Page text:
Eric Magnuson’s story “The Kids Don’t Need Us” appears in Midwestern Gothic Issue 8, out now.
How long have you been writing?
I don’t know.
What’s your connection to the Midwest?
I grew up in Minnesota. On Lake Minnetonka. It’s just west of Minneapolis. Do you remember the scene in Purple Rain when Prince tricks Apollonia into stripping down so that she can “purify herself in the waters of Lake Minnetonka”? And then Prince speeds away on his purple Honda CB400A motorcycle, leaving her naked on the shoreline? That was my youth—summed up in one of the greatest scenes of the American cinema.
I don’t live there anymore though.
How has the Midwest influenced your writing?
Nearly all of my stories up until last year have been set in the upper Midwest. After leaving Minneapolis in 2004, I lived in Brooklyn for a long time—long enough that more of my work should probably be set there. But I was in Minnesota recently, driving along a frozen lake as the sun set, and a thick fog made it impossible to see the opposite shoreline. I could see fishermen spread across the ice through the haze. The ones sitting deepest in the fog faded out almost entirely, like ghosts, maybe. These were just ordinary men, but the setting had made them something greater. Maybe even frightening. I find that more interesting than the people who argue over the origin of their kale at the Park Slope Food Coop in Brooklyn.
I think the Midwest, and Minnesota especially, just has a particular eeriness to it that isn’t always easy to sense when living there full-time. And that underlying dread often shows up in my writing. The Coen Brothers (more Minnesotans) used it in No Country for Old Men—though that film and book was set in Texas, of course. So maybe Fargo or A Serious Man are better examples. I don’t know. Basically, don’t believe anything that Garrison Keillor has ever said about Minnesota.
The state is a far more malleable setting than what Lake Wobegon might have you believe. In the summer, that same frozen lake that I drove along is home to hoards of drunken men who wade waste-deep in beer-and-piss water while cheering on bikini-clad women who wrestle each other on floating mats.
Why do you believe there has never really been a regionalist push for Midwestern writing in the past like there has with the South or even the West Coast?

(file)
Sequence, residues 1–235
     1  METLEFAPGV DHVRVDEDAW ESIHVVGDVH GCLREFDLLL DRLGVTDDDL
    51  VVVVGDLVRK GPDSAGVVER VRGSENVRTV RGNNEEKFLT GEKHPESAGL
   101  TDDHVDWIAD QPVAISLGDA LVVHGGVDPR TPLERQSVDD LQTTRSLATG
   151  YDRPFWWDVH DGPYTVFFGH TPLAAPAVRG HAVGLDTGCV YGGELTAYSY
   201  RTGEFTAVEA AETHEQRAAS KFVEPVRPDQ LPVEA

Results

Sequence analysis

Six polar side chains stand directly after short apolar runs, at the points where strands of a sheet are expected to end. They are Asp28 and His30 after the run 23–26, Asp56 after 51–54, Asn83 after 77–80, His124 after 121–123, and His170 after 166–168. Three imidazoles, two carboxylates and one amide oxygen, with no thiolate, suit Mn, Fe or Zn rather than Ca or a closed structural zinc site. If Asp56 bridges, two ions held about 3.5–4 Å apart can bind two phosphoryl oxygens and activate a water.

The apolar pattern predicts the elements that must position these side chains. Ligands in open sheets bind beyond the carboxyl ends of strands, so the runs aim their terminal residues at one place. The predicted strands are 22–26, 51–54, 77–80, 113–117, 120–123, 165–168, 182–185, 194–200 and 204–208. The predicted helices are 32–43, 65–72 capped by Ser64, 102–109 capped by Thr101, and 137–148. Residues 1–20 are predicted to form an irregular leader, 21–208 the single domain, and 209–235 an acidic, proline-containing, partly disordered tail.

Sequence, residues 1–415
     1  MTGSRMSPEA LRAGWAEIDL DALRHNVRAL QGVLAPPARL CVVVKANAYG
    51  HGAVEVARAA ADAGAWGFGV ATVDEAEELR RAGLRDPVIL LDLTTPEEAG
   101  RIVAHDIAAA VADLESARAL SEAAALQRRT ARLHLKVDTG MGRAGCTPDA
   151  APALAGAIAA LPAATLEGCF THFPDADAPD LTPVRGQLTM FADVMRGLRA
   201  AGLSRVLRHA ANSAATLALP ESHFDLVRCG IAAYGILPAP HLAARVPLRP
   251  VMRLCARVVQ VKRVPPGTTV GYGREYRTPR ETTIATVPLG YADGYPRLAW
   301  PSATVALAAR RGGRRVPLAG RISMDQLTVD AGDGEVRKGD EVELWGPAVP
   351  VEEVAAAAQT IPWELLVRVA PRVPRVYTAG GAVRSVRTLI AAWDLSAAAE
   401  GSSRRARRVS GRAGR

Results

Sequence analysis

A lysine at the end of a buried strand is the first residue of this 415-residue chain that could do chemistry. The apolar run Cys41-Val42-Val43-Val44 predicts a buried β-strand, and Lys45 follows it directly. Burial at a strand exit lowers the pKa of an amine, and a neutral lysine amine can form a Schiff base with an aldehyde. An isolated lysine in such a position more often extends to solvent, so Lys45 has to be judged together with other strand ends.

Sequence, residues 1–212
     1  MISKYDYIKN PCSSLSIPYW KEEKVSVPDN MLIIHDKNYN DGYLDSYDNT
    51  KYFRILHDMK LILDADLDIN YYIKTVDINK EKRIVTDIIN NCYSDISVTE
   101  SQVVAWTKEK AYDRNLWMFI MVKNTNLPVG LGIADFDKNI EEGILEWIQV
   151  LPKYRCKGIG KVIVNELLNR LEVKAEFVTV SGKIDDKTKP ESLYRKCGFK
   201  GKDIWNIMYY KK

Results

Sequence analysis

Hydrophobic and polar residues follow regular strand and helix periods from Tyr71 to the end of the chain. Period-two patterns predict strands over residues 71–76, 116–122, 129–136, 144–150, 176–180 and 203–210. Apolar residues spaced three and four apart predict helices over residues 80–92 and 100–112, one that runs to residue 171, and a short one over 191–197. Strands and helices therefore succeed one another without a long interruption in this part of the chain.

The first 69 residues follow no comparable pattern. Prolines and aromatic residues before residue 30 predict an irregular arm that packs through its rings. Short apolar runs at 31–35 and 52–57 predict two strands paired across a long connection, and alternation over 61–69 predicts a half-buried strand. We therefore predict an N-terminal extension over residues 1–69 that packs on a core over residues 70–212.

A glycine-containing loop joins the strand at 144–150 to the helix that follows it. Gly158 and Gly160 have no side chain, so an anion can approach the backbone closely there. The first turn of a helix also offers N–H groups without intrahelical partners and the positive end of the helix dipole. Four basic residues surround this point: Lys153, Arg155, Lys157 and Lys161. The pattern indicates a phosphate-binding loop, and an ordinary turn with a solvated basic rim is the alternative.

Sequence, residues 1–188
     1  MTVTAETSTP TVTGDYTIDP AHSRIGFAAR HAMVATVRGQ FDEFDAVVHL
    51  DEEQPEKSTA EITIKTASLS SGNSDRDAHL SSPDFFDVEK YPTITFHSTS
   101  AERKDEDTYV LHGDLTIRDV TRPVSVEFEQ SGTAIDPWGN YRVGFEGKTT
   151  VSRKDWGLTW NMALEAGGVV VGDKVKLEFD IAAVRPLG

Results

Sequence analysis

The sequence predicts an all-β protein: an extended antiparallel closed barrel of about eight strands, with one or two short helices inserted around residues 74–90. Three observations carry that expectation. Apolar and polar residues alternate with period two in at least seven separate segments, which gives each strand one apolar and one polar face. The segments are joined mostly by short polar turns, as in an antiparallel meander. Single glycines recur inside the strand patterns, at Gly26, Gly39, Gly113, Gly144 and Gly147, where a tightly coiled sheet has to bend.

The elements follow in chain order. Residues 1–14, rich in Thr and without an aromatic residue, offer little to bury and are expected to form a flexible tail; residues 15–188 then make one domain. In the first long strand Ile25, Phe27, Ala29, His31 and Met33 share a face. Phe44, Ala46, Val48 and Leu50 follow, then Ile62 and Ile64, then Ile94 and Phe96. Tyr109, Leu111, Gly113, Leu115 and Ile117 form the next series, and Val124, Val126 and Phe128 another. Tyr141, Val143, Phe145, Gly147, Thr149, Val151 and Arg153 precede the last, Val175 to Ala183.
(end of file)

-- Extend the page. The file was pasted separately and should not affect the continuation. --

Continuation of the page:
A lot of people seem to believe that it’s due to Midwesterners’ modesty. But that’s bullshit. The Midwest produced Bob Dylan, Prince, and Kanye West. These artists have never been known for lacking bravado by any means. Maybe that’s a bad example. I don’t care; I’m going with it.
I think the answer lies somewhere closer to the fact that nobody knows what the Midwest is. I once met a woman from Missouri who told me that the Show-Me State was definitely part of the Midwest. We argued over it. When I was in the Sixth Grade in Minnesota, I was taught that the Midwest didn’t fall any farther south than Iowa. Looking today, though, I see that the U.S. Census actually classifies Missouri as a Midwestern state. But for years, I was led to believe otherwise. So I guess I blame Sixth Grade geography classes for the fact that there’s never been a regionalist push.
How do you feel about social media to promote your writing, and do you use it?
It’s a necessity, I guess. I use it. Twitter. Facebook. I’ve probably already re-Tweeted this questionnaire. Unless you have a major publisher promoting you, who is going to read your work? I think unknown writers like me need to do a better job of promoting each other as well. Just stop being so competitive for a second and say, I think you should be reading this person. Not that I’ve ever actually done that. But I think it’s a great idea.
The Savage Detectives.
Can I say Cookie Crisp with Baileys Irish Cream in place of milk? I’ve only had it once. A decade ago. But I’ll say that.
If you could have coffee (or tea or a beer) with any literary figure, alive or dead, who would it be?
Roberto Bolaño. Though I don’t think he’d like me very much. In fact, I think the entire meeting would end poorly.
Where can we find more information about you?
I’m on the internet all of the time at ericjmagnuson.com.
Sometimes, but rarely these days, I say things to a meager following on Twitter.